Throughout the years, creating has been something that I must do. The medium and process has changed and evolved, but my desire to create remains the driving force. Whether they are tests, collections, samples, mock-ups or finished works, they are simultaneously bridges and destinations.
When I was in high school, I studied illustration and copy preparation. In 2007, I obtained my BFA from SUNY Oswego with an emphasis in sculpture and drawing. During that time, I created a range of work that explored performance art, digital imagery, video and installation. In 2010, I obtained my MFA in Sculpture from Syracuse University. My graduate work investigated the art of adornment through wearable sculpture. During that time, my connection with nature became more profound and could be seen as a common thread between all of my works.
Soon after graduate school, I taught a range of studio art courses as a part time instructor at Cazenovia College. There, I had the opportunity to work in a glass studio, where I learned to work with kiln formed art glass. Based on my interest in adornment, it felt natural for me to make jewelry from this new medium.
My glass work has opened new doors for me as an artist and maker while connecting all of my prior experience into one art form. Today, I consider myself fortunate to be self-employed and make work full time in my home studio. My business is Weathered Heather, named after myself and my inspiration.
My jewelry making process begins by assembling compatible glass. The glass can be cut, crushed into small pieces or made into strands with the use of a torch.
I layer the glass using a temporary adhesive to ensure that they stay in place during the firing process. Earrings are designed at the same time to ensure that they are similar in nature. It is important to make sure that the same amount of glass is being used on each piece. If it is uneven, the design can become distorted or they can end up unequal in size.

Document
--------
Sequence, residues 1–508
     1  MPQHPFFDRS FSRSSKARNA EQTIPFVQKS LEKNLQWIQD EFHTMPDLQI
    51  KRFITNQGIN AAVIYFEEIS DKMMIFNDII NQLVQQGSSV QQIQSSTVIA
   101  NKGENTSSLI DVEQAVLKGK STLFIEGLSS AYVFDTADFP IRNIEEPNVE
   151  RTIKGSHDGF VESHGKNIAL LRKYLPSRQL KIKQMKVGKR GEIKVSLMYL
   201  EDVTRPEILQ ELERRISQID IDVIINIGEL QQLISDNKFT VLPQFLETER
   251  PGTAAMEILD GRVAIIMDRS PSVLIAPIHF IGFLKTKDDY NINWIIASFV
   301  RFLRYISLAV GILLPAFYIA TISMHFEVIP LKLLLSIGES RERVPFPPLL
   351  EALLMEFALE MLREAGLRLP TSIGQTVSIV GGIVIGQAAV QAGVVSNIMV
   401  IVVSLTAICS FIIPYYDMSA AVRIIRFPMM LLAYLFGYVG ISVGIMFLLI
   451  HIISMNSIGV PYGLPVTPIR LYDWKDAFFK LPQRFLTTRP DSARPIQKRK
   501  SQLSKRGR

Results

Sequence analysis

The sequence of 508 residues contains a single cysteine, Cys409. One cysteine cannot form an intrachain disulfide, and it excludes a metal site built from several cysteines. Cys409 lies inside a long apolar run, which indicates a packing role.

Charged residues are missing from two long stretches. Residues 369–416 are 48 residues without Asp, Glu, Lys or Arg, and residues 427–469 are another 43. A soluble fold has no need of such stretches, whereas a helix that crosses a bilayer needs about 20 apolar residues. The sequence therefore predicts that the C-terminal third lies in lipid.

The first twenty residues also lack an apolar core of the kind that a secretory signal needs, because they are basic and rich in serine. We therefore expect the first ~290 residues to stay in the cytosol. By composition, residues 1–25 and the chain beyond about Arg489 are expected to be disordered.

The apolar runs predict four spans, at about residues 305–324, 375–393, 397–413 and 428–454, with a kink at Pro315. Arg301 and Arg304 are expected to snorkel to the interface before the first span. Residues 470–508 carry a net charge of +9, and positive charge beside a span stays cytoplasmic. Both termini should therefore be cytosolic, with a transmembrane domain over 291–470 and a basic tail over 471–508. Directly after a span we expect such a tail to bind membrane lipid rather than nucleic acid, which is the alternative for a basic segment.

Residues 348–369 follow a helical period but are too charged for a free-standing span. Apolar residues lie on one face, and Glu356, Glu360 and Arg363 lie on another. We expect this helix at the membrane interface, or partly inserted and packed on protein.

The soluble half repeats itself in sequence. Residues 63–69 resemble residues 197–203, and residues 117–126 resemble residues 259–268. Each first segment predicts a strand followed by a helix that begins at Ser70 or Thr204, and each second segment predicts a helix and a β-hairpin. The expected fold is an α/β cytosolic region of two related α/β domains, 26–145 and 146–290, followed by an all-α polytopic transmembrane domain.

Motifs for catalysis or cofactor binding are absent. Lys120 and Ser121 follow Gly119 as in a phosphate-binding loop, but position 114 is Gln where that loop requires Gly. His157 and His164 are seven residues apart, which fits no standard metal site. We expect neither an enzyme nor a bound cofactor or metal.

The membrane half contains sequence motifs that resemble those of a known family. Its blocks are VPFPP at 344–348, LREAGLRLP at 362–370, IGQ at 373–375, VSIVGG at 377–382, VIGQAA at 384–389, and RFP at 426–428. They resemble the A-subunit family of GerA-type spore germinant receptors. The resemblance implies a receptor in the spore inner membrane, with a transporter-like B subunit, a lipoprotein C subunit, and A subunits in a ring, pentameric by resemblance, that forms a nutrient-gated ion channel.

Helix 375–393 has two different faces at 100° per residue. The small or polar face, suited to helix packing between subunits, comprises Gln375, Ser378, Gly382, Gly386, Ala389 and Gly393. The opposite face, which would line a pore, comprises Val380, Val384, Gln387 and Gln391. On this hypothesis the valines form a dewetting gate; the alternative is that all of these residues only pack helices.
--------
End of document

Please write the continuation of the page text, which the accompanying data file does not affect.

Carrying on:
After each design is assembled, they are properly fired in a kiln up to 1500 degrees. In some cases, multiple firings are necessary to achieve the desired result. After the firing process, they are shaped and cold worked with diamond abrasives.
A small groove is ground along the edge of each piece of glass using a diamond disk. This grove provides a space for my wire setting.
Some of my newest work is created by hand painting the image with glass enamel. The enamel begins as a powder that is made into a paintable form using a liquid medium.
I then cut a piece of glass slightly larger than the pendant or earrings that I would like to create. I paint the image directly on the surface. The image can be painted all in one sitting or it can be completed in layers if the design is complex. Each layer is fired to solidify the bottom layer before more enamel is added.
After painting the image, I often place a clear sheet of glass on top of the image before firing it. This step embeds the image in the center of the glass, encapsulating it like a preserved treasure.
The excess material needs to be ground away with a diamond abrasive, giving the piece its final shape and size.
The bubbles you see within the design are often described as “champagne” bubbles and are a characteristic of kiln formed glass.
Take a look at our previous Inside the Artist’s Studio blog post, by painter Melissa Huang.